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123 N. Jefferson


Opening hype can strain any restaurant, but Emmanuel Nony’s month-old Sepia, just around the corner from Blackbird, is holding up quite well. Creative chef Kendal Duque (Everest, Tru, NoMi) is running the kitchen, and out front savvy servers seem happy to be there. The total redo of an 1890 print shop–in shades of black and sepia with sage and burgundy accents–gives vintage furnishings new life, among them reupholstered Knoll chairs by Bill Stephens and ornate chandeliers encircled by sheets of Mylar. Semiprivate seating areas with a different design scheme help make the space visually interesting. Two of the ten appetizers ($8-$13) suggest the chef’s range: nuggets of moist rabbit paired with delicate ricotta dumplings in a Riesling reduction are minimalism made edible, while ultratender charred octopus piled on a toasted baguette slice in tomato sauce is as robust and rustic as the cast-iron pot it comes in. The succulent slow-baked veal breast on wide, lightly minted noodles ($23) has become a signature entree not simply by default (what other trendy restaurants serve veal breast?) but because it’s delicious. I also liked the thick Berkshire pork chop complemented by crunchy pickled wild onions ($25). Flatbreads, which head the menu, should be a natural with cocktails, but I didn’t have much luck: the little one topped with applewood-smoked bacon and falling-off diced peaches didn’t go at all with the Sepia Mule, which features house-made ginger-infused vodka. Dry flourless chocolate cake without the promised mint ganache was the other disappointment. Sage-lemon bread pudding, on the other hand, was like the best French toast ever, and I loved the melting sweet corn and blackberry jam ice cream. The eclectic, affordable wine list ($30-$80 bottles, $8-$12 by the glass) rounded out an enjoyable experience. –Anne Spiselman


190 S. LaSalle


Shikago, the most recent venture from Kevin Shikami (Jimmy’s Place, Confusion, Kevin), is at ground level in the canyon that is the LaSalle Street financial district. On a relatively slow Saturday night, we were rendered breathless by dish after memorable dish. Roasted quail with braised radish, hazelnuts, garlic chives, a maiitake mushroom ragout, and Shaoshing wine sauce was remarkable, but even commonplace appetizers like tuna tartare and salmon maki with avocado and cilantro were brought to life by a caring hand and premium ingredients. The pan-Asian fusion entrees on the constantly changing menu created subtle harmonies: red snapper in a sweet galangal sauce balanced slightly bitter Chinese broccoli and earthy chanterelles; sugary bulgogi was paired with delicately sharp daikon, peppery arugula, and scallion pancake straws; Alaskan salmon, sweetened with papaya, was perked up with lemongrass and peekytoe crab slivers in flowery jasmine rice. Flavors amplify one another in a lime semifreddo served with a nectarine tart, and the pineapple trio displayed variations worthy of a Bach fugue: vanilla-poached and soy-caramelized pineapple, a cinnamon-sugar pineapple “doughnut,” and a refreshing pineapple-cinnamon sorbet. Though sophisticated, this place puts on no airs: tables are cross sections of centuries-old trees and the decor is Zen-like. There’s a take-out counter at lunchtime. –David Hammond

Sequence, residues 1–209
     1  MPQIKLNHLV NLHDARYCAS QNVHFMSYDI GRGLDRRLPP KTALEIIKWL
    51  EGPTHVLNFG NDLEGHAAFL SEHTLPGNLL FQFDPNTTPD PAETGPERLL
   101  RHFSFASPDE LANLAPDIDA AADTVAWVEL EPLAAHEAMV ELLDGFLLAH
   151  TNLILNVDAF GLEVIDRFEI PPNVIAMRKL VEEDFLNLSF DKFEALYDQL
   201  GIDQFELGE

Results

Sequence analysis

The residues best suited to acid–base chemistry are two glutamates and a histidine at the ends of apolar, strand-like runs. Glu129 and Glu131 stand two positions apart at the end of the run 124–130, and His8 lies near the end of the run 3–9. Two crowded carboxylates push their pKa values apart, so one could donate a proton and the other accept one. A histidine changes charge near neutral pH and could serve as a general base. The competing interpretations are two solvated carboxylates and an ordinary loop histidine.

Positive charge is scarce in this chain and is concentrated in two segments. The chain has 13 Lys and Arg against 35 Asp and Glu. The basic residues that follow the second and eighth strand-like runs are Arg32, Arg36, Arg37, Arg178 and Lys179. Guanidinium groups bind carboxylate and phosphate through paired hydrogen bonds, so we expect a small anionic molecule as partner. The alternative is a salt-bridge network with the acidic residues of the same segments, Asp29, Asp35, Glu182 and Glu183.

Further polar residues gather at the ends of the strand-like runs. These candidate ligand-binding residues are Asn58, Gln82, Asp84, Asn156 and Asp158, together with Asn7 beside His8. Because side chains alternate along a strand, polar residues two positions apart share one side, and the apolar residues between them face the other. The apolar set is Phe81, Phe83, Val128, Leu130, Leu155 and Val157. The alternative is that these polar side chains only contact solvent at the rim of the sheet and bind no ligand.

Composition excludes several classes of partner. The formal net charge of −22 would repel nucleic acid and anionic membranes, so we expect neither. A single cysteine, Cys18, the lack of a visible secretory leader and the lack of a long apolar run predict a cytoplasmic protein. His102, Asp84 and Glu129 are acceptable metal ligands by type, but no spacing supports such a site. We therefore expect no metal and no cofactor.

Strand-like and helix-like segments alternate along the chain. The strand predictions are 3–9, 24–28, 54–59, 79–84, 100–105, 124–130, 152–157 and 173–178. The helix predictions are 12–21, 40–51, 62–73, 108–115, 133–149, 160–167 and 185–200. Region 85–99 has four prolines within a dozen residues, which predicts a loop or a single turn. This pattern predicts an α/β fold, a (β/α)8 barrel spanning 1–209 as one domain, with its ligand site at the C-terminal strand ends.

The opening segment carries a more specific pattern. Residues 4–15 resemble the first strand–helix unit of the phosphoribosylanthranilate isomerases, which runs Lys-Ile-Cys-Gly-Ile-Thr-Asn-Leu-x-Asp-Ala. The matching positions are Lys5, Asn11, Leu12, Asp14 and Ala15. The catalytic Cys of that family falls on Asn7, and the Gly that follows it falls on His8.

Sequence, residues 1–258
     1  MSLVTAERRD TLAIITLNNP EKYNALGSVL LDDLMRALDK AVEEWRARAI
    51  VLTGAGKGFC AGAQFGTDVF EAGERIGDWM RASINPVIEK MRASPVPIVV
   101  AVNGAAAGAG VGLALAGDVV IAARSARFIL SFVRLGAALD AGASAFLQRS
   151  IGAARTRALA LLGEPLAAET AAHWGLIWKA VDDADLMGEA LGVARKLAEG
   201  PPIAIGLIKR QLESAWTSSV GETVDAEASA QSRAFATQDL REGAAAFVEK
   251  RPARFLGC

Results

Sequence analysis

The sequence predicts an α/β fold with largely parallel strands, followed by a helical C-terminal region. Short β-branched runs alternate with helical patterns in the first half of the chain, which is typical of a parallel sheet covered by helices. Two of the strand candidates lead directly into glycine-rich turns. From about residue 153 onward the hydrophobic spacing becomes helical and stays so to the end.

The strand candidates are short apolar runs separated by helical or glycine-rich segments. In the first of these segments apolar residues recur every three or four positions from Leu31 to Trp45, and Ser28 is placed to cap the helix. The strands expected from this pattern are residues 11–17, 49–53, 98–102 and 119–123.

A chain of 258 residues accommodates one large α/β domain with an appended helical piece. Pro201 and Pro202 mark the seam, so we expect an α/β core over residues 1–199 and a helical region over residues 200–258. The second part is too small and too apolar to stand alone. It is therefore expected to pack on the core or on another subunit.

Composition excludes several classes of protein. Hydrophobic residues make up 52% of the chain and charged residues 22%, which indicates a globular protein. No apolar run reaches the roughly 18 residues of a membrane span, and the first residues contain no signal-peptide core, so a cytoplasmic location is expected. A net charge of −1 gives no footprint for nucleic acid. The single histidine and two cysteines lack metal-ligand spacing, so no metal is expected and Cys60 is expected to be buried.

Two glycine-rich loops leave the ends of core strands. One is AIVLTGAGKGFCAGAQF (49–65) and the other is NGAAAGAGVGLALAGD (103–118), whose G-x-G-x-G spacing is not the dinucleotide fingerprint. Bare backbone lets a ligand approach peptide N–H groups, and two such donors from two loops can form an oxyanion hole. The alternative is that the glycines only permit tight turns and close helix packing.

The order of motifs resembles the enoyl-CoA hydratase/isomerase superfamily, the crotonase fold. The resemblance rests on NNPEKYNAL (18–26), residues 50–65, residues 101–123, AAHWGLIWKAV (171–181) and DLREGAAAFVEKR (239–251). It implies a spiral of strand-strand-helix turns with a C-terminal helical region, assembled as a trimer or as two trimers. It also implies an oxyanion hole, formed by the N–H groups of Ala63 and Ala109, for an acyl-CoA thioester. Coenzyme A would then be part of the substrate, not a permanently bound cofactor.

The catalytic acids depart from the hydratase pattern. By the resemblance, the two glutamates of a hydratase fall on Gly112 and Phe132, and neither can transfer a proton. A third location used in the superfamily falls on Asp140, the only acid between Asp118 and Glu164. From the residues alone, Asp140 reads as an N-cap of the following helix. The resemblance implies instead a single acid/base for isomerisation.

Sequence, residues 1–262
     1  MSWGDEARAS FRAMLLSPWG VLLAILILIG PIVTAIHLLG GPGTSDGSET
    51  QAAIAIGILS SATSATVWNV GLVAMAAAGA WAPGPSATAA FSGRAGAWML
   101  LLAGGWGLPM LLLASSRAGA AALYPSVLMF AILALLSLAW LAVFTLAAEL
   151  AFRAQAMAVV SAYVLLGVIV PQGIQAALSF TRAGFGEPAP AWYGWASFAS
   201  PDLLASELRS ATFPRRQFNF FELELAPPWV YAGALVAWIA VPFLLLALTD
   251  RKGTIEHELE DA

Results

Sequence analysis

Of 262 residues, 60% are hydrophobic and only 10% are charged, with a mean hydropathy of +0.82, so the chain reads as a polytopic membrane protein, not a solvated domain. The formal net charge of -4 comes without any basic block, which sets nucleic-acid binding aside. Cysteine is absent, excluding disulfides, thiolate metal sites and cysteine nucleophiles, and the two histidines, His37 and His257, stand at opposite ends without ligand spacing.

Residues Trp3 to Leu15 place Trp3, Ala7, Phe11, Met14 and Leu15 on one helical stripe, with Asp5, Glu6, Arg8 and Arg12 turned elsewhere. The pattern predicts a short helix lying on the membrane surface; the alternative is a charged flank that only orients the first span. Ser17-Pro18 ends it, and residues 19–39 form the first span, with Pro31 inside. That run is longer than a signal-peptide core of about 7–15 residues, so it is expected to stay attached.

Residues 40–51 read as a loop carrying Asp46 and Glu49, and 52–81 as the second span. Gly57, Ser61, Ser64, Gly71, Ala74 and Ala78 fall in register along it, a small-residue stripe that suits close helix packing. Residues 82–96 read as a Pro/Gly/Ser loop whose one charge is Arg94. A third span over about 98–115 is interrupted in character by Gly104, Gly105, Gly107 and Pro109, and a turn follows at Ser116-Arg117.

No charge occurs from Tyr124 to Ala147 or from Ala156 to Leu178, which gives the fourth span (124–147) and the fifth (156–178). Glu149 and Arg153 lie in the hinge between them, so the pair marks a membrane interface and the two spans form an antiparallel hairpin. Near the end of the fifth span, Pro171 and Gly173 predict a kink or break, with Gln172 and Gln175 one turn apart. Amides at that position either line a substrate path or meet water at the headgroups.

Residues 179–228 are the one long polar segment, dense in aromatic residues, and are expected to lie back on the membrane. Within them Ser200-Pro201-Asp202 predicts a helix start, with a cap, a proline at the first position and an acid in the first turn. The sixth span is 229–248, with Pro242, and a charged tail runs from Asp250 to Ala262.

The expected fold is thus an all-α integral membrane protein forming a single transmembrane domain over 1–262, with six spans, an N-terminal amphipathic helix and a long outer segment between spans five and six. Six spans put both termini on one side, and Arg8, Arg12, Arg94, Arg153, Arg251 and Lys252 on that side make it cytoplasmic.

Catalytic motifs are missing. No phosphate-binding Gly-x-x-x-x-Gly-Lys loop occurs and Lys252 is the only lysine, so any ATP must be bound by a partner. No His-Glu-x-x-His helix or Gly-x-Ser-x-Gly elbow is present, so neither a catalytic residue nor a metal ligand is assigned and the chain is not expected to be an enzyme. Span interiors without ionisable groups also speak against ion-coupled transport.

951 W. Fulton


If every move Homaru Cantu makes for the rest of his young life isn’t burdened by the expectation of sharks with frickin’ laser beams on their heads, he’ll be a lucky cookie. So I wondered if the early indifferent reports about Otom, Moto’s loungey little sister, were a matter of his high-tech asylum lowering the property values of his bungalow next door. Nah–Otom has real problems. Moto’s former sous chef Darryl Nash came on late in the game, burdened with a program of upscale comfort food–already the most cliched kitchen reality show plotline ever. The relatively affordable new menu, perhaps designed to exploit the sizable population that departs Moto feeling peckish and poor, has plenty of riffs on grandma’s repertoire: chicken pot pie with egg noodles and sweet corn, apricot ribs with slaw and pickles, grilled sirloin with mashed potatoes. An otherwise satisfying grilled cheese sandwich trio was knocked off balance by the Virginia ham and unmelted cheddar. Sea bass with grits and ham hocks was tough, overseared fish mounted on too-salty greens and pork. Items that didn’t disappoint still failed to impress: brasiola, apple, and arugula salad was a formidable pile of shrubbery mined with chewy bits of cured meat and julienned fruit; mac ‘n’ cheese with anise and andouille in a cast-iron trough was filling if forgettable. But Cantu-esque theatrics livened up dessert: a scoop of vanilla ice cream slowly sinks its way through a pastry pagoda roof until it plops into the stewed cherries below. Voila!–cobbler. On the brightest possible side, the waitstaff crack encyclopedic about the tiny menu and more rounded wine list, no doubt under the tutelage of the excellent sommelier who produced a perfect off-menu Rieslaner for the cobbler. –Mike Sula

Other recent openings

Cafe Bionda Wicker Park 1467 N. Milwaukee | 773-342-2100

Koko Sushi Bar & Lebeche 3140 N. Lincoln | 773-248-2988

MetroKlub 733 W. Madison | 312-602-2104

Mexx Kitchen at the Whiskey 1015 N. Rush | 312-475-0300

Su-Ra 2257 W. North | 773-276-9450

Table 52 52 W. Elm | 312-573-4000

Tavern at the Park 130 E. Randolph | 312-552-0070

For more on restaurants, see our blog The Food Chain at chicagoreader.com.

Art accompanying story in printed newspaper (not available in this archive): Semiprivate dining area, veal breast, chef Kendal Duque, and sage-lemon bread pudding at Sepia.